In contrast to the client who is looking for the advantages of the discount salon, our target client’s priorities should be the exact opposite. There are still people who are looking for a total salon experience; they want quality work and are willing to pay for it. Our target client’s priorities should be (in order of importance):
1. Cleanliness and sanitation
2. Quality and craftsmanship
3. An unhurried, enjoyable experience with someone who cares about me
When we get a new client in our chair we should thank her for choosing us for her nail service needs, and ask her how she came to us and what she is looking for in a nail tech or salon. We should always educate our clients about the importance of strict sanitation procedures, have examples of our work to show, and demonstrate that we care about them and appreciate their patronage. When we develop a client list with this kind of consumer, we are destined for success and it doesn’t matter how many discount salons go up. We will succeed!
So, back to our original question, “Are discount salons making it too hard to compete and succeed?” The answer is yes and no. Yes, if you give up too easily and try to compete on their level, and no, if you don’t mind getting out of your comfort zone, don’t expect anyone to give you anything, and know that you have to be willing to work hard, work smart, and give everyone who sits down at your table extraordinary customer care and service. – Rebecca Gardner has been the coowner of Park Avenue Salon and Day Spa in Paso Robles, Calif., for nine years. A licensed cosmetologist, Gardner has been doing nails exclusively for the past five years.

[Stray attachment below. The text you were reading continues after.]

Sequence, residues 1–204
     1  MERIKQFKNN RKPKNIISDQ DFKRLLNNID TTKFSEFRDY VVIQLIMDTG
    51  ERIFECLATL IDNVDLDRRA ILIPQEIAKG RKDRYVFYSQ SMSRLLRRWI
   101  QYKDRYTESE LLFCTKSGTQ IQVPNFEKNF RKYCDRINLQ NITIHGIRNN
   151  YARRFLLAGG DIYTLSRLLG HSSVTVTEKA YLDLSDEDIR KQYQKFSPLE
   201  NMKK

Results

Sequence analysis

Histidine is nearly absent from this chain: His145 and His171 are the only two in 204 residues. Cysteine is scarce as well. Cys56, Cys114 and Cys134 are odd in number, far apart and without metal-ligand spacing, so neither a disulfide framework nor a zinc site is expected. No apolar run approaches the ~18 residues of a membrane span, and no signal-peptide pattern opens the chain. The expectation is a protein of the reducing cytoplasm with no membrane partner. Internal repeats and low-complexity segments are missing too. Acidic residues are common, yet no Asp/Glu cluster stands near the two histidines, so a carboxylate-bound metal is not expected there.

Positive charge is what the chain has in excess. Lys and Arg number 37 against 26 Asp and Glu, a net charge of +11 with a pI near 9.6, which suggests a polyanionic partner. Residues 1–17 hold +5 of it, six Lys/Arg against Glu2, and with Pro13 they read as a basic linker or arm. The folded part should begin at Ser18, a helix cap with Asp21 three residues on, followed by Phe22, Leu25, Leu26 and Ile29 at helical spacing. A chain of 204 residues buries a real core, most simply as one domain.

After almost 18 years in the industry, I finally opened up my own salon and am finding that my biggest challenge is educating the average consumer on professional nail care. So many new clients have never had their nails done anywhere but a discount salon. I prefer to call them “McNails,” a term I use with a certain level of respect for the market niche that they have carved out for themselves. While traditional nail salons are struggling to become spas or boutique nail salons, these salons have firmly staked out their ground and are doing very well at it.
The problem arises when a nails-only salon, like mine, attempts to take customer service and atmosphere to a higher level. When calling around for prices, a client may find one salon charges $15 for a “spa” manicure, while another salon charges $40. Discount salon customers have been duped by phrases like “lacquer” or “solar” nails, have never seen a true gel nail before, and do not know what a pink-and-white backfill is. They think a nail service is supposed to hurt and have never experienced anything close to a real spa-style pedicure. They think they are comparing apples to apples, when it’s really apples and oranges.